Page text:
The government recently unveiled a four-year National Monetisation Pipeline (NMP) worth an estimated Rs 6 lakh crore. It aims to unlock value in brownfield projects by engaging the private sector, transferring to them revenue rights and not ownership in the projects, and using the funds generated for infrastructure creation across the country. So, aspirants can expect questions on it in the Mains exam.
- Brief on National Monetisation Pipeline
- What is Monetisation and how is it different from divestment?
- Advantages of Monetisation
- Challenges in Monetisation
- Roadmap of NMP (framework)
Brief on National Monetisation Pipeline:
- The National Monetisation Pipeline (NMP) comprises a four-year pipeline from 2022-2025 of the central government’s brownfield infrastructure assets
- NMP is an alternative to an outright sale of assets. The ownership of the assets monetized, though, will remain with the government, with the private players taking on the operational risk.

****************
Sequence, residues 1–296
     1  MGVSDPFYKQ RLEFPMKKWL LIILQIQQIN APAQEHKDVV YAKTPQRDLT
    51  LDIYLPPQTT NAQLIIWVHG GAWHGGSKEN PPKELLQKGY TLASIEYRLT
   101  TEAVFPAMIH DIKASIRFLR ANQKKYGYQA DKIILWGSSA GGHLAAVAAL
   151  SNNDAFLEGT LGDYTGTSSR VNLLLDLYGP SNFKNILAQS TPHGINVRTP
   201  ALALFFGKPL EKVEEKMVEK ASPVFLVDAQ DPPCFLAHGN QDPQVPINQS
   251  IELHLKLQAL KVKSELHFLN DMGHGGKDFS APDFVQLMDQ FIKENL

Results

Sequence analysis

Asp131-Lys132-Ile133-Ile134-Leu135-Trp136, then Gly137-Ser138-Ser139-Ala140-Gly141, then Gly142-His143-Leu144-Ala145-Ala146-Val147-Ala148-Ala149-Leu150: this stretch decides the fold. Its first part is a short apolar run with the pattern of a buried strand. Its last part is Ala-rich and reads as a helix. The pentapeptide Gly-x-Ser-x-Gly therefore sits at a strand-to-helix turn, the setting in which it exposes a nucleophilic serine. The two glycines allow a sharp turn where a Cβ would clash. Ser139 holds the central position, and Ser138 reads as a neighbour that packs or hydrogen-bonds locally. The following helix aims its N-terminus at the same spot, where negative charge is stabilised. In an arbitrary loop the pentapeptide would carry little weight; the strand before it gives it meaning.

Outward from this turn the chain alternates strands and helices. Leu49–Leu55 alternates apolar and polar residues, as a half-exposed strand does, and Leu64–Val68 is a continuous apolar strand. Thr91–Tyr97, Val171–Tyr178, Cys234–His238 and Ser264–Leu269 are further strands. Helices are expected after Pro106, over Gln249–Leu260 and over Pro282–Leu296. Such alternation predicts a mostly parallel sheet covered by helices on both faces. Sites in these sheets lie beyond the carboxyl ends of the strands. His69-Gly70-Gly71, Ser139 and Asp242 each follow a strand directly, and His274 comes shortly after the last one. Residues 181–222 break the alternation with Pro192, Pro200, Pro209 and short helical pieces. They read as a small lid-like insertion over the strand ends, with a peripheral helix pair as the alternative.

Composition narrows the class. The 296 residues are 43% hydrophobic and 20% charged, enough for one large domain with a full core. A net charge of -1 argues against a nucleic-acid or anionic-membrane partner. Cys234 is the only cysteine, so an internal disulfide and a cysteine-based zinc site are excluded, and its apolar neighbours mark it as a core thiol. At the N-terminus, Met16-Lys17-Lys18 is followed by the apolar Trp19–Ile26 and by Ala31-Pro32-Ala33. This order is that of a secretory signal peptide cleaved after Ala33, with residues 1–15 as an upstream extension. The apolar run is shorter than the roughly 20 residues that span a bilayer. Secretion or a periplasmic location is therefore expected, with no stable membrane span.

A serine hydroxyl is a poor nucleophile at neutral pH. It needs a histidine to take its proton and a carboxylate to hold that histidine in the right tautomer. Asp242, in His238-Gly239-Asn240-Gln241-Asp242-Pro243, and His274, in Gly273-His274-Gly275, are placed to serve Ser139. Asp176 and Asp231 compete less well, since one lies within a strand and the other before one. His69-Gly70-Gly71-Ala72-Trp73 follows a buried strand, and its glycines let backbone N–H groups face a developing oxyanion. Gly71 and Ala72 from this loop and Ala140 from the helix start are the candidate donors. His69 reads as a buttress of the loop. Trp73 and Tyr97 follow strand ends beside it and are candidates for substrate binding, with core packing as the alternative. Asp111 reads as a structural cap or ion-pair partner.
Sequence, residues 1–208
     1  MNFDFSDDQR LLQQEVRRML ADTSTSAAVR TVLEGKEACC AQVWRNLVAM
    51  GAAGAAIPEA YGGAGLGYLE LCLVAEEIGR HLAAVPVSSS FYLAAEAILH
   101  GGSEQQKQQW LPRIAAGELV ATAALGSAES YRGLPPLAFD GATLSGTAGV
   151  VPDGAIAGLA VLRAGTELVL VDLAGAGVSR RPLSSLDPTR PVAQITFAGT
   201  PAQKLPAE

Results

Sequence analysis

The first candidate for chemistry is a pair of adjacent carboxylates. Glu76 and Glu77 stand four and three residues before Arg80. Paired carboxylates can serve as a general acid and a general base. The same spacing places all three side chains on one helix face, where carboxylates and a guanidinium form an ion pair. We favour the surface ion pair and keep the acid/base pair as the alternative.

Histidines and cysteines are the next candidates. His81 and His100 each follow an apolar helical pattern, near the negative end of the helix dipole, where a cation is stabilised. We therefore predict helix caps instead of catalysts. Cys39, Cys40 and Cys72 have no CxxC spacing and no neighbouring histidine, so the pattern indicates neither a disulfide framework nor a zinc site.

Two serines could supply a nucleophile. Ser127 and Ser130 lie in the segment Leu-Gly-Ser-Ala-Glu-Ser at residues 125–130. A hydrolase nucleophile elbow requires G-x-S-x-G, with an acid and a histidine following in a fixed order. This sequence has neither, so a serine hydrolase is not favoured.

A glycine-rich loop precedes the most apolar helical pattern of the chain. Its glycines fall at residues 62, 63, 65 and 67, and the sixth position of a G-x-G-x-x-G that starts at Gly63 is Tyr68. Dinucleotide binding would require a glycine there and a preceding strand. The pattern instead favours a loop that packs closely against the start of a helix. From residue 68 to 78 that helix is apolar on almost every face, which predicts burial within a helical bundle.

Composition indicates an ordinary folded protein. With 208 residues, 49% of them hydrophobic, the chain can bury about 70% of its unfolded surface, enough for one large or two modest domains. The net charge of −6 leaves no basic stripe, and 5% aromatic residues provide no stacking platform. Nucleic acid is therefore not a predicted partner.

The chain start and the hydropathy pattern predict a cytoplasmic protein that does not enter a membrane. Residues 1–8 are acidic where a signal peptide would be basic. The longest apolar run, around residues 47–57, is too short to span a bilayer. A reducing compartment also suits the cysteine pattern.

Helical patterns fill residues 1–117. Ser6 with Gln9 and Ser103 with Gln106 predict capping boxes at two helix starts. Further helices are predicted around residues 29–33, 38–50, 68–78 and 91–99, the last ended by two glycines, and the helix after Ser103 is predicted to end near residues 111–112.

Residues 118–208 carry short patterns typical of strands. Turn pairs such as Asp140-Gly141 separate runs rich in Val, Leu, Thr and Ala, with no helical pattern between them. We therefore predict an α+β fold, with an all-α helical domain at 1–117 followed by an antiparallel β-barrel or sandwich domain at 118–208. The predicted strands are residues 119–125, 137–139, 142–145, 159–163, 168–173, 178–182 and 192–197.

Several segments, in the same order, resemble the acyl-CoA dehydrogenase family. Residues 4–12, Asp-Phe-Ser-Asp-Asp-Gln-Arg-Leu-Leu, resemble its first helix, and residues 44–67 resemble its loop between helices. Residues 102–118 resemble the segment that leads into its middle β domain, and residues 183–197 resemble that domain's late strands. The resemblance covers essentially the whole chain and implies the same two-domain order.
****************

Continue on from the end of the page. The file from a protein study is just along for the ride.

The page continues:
- The idea is to lease out brownfield projects and use the proceeds from it to finance greenfield (New) projects.
- Roads, railways and power sector assets will comprise over 66% of the total estimated value of the assets to be monetised.
- Besides these, assets such as mining, aviation, roads, shipping, telecom, power transmission lines, warehousing, sport facilities, realty & hotel assets and gas pipelines will also be part of the monetisation plan.
- The ownership (of assets) will remain with the government and there will be a mandatory hand back after a certain time. The government is not selling off anything
- Only under-utilised assets will be monetised and the plan will help identify brownfield assets that need to be better monetised